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What Audio Technica 40 Series mics do you recommend most?

Discussion in 'Microphones' started by audiokid, Oct 5, 2015.

  1. audiokid

    audiokid Staff

    We're doing an AT - Audio Technica promo until Dec 31, 2015. This thread is here for us and them. (y)

    We have an opportunity to get:
    "REBATE: Buy a select 40 Series Microphone and receive FREE ATH-M50x Professional Studio Monitor Headphones with qualifying purchases between September 1, 2015 and December 31, 2015. Click here for details."

    I've been looking at their headphones for a few years so maybe this is a good time to get a deal. I'm looking at the AT4050 and the AT4047.

    What AT mics do you recommend and for what? My requirements are mostly based around vocals, guitars and other stringed instruments but this thread isn't just about me. Thanks for any suggestions and the support towards Audio Technica. :love:

    Eligible microphones include:

    AT4033/CL - Cardioid Condenser Microphone
    (classic version of the AT4033)
    AT4047MP - Multi-pattern Condenser Microphone
    AT4047/SV - Cardioid Condenser Microphone
    AT4050 - Multi-pattern Condenser Microphone
    AT4050ST - Stereo Condenser Microphone
    AT4060 - Cardioid Condenser Tube Microphone
    AT4080 - Phantom-powered Bidirectional Ribbon Microphone
    AT4081 - Phantom-powered Bidirectional Ribbon Microphone
     
  2. pan60

    pan60 Active Member

    I have no experience with any AT mics other than some older dynamics: (.
    I have had one eye on the ribbon mic?
     
  3. audiokid

    audiokid Staff

    Ribbon - I know :love:... The AT5040 is on my list but, anyone use the AT4080?
     
  4. DonnyThompson

    DonnyThompson Distinguished Member

    I have a friend who swears by his 4033 - although he's told me that he's been told that there have been a few different versions of this mic floating around over time - the model number has never changed - but apparently, the original earlier models are the best-sounding.

    I can't personally attest to this, but I realize that it is at least possible; there are those who will claim that the original Rode NT1 sounds better than later NT1 releases...and I know for a fact that there have been many different 414's over the years, with some versions sounding better than others.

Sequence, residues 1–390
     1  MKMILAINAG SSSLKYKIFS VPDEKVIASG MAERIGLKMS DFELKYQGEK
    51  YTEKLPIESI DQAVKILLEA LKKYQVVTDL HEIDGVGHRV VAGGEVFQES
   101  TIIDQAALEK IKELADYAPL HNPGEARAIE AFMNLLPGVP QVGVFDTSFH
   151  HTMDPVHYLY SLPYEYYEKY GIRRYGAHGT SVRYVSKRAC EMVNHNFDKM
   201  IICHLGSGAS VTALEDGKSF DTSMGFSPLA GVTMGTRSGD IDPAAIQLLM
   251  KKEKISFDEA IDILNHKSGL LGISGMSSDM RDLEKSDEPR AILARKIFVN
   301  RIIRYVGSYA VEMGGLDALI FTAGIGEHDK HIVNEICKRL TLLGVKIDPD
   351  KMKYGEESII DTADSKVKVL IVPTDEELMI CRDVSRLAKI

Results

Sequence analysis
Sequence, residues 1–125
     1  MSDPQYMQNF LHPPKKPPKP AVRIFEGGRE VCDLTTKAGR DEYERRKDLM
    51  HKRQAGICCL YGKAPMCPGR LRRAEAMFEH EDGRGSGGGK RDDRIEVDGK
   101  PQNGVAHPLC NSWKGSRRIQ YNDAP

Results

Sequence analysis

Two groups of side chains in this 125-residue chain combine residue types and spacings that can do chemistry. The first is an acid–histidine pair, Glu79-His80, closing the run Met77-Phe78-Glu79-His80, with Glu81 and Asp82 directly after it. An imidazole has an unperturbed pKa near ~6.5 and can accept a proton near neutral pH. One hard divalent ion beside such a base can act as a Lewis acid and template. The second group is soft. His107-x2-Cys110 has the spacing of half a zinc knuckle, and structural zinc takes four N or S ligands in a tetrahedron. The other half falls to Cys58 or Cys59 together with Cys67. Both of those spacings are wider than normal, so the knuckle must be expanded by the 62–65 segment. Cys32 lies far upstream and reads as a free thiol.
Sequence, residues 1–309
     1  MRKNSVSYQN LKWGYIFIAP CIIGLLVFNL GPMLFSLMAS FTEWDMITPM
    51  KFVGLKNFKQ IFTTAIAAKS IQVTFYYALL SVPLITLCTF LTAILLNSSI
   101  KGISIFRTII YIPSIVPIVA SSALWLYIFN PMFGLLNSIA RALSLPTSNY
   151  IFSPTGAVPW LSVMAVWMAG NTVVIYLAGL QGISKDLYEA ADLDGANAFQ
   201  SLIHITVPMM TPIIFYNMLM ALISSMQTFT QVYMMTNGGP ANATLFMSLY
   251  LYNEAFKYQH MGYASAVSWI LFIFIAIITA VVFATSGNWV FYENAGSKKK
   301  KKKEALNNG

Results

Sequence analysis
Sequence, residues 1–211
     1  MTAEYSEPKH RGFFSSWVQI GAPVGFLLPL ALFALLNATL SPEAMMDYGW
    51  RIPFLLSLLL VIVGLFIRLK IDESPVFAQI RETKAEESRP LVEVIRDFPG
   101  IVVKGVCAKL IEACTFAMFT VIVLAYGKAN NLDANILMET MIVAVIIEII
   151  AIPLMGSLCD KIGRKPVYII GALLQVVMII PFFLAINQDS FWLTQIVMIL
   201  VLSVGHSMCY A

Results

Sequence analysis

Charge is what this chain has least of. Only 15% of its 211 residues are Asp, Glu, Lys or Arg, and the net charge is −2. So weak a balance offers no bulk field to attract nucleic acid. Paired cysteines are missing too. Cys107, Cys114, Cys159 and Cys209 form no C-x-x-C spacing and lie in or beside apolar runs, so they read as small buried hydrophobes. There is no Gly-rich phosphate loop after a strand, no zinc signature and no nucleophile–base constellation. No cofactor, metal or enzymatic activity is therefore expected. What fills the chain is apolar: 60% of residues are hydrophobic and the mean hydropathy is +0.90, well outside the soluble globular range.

I've recorded my friend at his place using his 4033 with a Grace preamp several times; ( the Grace is a pretty transparent sounding pre as mic pre's go, so I feel as though I was really hearing the mic) and it's always sounded very good - to my ears, anyway. It has a nice presence without being harsh, I wouldn't go as far to call the top end "silky" in the way I've heard other more expensive mics sound ( like 414's or U89's) but, it's not like it has an unpleasant top end, either...and honestly, I feel that the mic could probably be priced a bit higher, say at $500, and it would still be worth it - but ...I'm basing this opinion on his 4033... and his is the only 4033 I've ever had any experience with.

    I've also used the 4050 a few times in my rounds as a hired-gun engineer at other regional studios; I've always found them to be very good-sounding mics; although on all occasions, the preamps used with it were upper level models like Grace, Focusrite and Vintech 73 and Neve 500 Series mic pre mods...

    I've used the 4060 Tube once - very recently, in fact. The person who bought it said that they paid $1600, and I felt that to be overpriced based on what I heard. It did sound good... but IMO, not "$1600 worth of good".
    I've heard better results using less expensive SS condenser mics through standalone tube preamps, both of which combined have totaled up to far less than $1600.

    AT's world HQ and factory is located less than a half hour from me, in Stow, Ohio ( which is a suburb about 5 miles north of Akron), so over the years, a few studio engineers in this area have gotten to know some of the R&D cats who work there; and from time to time, you'll come across beta/prototype versions of their mics.

    While I've haven't yet had a chance to work with it, the 5040 is supposed to be the finest-sounding condenser mic that AT has ever made.

    I keep hoping that one of these days in my studio travels, I'll finally get lucky enough to come across a 5040 so that I can hear it for myself; but, as of this writing, I haven't yet had that opportunity.... priced at $3000 (U.S.), that's pretty expensive (only a couple hundred less than a U87) - so it's not what most small to mid level production facilities can usually afford to $ drop on one single-pattern ( cardioid only) condenser microphone.

    But, until I get the chance to actually use/hear one, I'll have to reserve judgement on whether it's priced at its actual worth... or not . ;)
     
  5. thatjeffguy

    thatjeffguy Active Member

    Chris, I had a 4080 for a while. I bought it for vocals but found the mids too 'boxy' so I sold it off.
    ~Jeff
     
  6. bouldersound

    bouldersound Real guitars are for old people. Well-Known Member

    I've used 4050s quite a bit, used to own one. They can be brittle with mundane preamps, but the Solo 610 we're using knocks the edge off and makes them more pleasing. I have not heard one through a Grace but I would bet it sounds even better. AT4033s are pretty similar but without the multiple patterns. As I understand it there are at least two version, the newer using with SMT components.
     
  7. bouldersound